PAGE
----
Pets TV, Inc. Won't Roll Over for Entertainment Studios Networks' Use of PETS.TV.

GREENSBORO, May 29, 2009 -- The owners and broadcasters of www.petstv.com initiated a dog fight in federal court today against Entertainment Studios Networks claiming trademark infringement.

North Carolina's Pets TV, Inc. owns and operates a web site at www.petstv.com which broadcasts content concerning pet care over the world wide web.

California's Entertainment Studios, Inc. produces, distributes, and sells advertising for 16 television programs, claiming to be the largest independent producer/distributor of first-run syndicated television programming for broadcast television stations. Entertainment Studios also provides video content to broadcast television stations, mobile devices, multimedia platforms, and the web which is the crux of the litigation.

Defendant currently markets, provides, and otherwise promotes online and broadcasted television programming in the field of pet care under the mark PETS.TV. The television content is also broadcast at www.es.tv/category/shows/petstv.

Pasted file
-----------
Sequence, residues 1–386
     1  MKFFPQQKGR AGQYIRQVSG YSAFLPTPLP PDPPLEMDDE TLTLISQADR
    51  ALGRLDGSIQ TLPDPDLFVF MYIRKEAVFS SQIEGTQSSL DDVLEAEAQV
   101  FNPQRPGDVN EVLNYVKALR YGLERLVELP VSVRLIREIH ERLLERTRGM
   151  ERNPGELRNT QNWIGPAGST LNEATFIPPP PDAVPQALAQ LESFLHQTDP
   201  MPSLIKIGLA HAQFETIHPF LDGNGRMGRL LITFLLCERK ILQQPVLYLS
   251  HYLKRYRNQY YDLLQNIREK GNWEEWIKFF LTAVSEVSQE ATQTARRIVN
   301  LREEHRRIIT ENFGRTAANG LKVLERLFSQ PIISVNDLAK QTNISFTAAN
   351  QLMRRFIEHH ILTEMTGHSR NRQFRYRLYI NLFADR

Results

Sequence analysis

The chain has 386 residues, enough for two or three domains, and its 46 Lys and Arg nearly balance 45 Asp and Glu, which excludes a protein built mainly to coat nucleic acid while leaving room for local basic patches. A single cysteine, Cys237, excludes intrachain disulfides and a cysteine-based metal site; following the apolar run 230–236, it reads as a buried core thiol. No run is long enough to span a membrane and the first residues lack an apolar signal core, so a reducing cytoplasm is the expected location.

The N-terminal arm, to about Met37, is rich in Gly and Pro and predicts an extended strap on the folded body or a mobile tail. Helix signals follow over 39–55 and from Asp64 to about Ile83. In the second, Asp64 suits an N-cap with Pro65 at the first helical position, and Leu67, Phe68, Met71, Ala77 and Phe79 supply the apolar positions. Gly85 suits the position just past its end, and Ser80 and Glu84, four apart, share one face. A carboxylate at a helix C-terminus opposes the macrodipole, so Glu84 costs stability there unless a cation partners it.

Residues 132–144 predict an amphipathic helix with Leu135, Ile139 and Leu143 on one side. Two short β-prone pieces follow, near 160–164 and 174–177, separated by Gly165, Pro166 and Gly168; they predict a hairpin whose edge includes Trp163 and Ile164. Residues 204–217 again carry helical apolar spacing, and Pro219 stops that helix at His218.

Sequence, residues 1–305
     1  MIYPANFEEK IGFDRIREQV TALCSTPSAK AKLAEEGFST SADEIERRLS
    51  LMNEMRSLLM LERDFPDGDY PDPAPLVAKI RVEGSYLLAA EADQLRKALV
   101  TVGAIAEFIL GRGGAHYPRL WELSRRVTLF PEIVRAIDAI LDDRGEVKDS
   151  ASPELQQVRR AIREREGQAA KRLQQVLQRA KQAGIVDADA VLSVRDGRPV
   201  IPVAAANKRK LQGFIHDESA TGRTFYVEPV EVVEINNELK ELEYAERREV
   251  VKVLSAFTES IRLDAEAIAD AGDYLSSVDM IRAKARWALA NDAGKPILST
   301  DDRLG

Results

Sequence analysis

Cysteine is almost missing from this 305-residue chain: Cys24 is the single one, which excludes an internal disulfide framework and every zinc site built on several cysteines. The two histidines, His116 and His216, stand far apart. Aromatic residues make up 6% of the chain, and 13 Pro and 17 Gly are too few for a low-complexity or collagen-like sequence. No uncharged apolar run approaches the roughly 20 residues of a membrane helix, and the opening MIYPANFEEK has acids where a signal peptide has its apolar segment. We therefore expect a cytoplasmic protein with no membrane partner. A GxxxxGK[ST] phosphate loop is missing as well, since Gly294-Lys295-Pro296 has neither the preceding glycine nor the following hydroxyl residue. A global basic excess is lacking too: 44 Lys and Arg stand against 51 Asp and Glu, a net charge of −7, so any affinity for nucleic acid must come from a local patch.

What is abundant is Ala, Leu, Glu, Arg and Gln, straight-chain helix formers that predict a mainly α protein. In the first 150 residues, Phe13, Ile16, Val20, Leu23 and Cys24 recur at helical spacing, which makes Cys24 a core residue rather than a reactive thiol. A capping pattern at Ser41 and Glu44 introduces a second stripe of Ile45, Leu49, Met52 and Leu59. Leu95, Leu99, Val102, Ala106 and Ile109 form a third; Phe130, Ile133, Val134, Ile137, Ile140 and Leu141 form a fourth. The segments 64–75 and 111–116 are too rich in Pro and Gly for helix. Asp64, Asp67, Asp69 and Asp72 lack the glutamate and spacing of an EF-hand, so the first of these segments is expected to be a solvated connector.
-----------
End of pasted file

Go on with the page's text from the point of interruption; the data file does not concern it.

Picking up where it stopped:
According to the United States Patent & Trademark Office (USPTO), Pets TV, Inc. registered the marks PETSTV and PETSTV.COM on January 21, 2006 and July 25, 2006 respectively with the earliest date of first use of November, 2004

While all of Pets TV, Inc's federal registration specify the use of the mark PETSTV in connection only with the internet, the company can make a case for trademark infringement if Entertainment Studios, Inc. use of the mark PETS.TV on television and the web is likely to cause confusion regard the source of the content.

Despite being the registered owner of PETSTV, Pets TV, Inc can only prevent others from putting the marks into use after their date of first use of November, 2004.

If Pets TV, Inc. is successful in proving trademark infringement, they could recover defendant's profits derived from using the registered marks and any damages sustained by Pets TV, Inc. In assessing damages the court may enter judgment for any sum above the amount found as actual damages, up to three times. When a court finds a defendant intentionally counterfeited a registered trademark, the court must, unless the court finds extenuating circumstances, enter judgment for three times such profits or damages, whichever is greater, together with a reasonable attorney’s fee unless the Plaintiff elects for statutory damages up to $1,000,000 per counterfeit mark per type of goods or services sold, offered for sale, or distributed.

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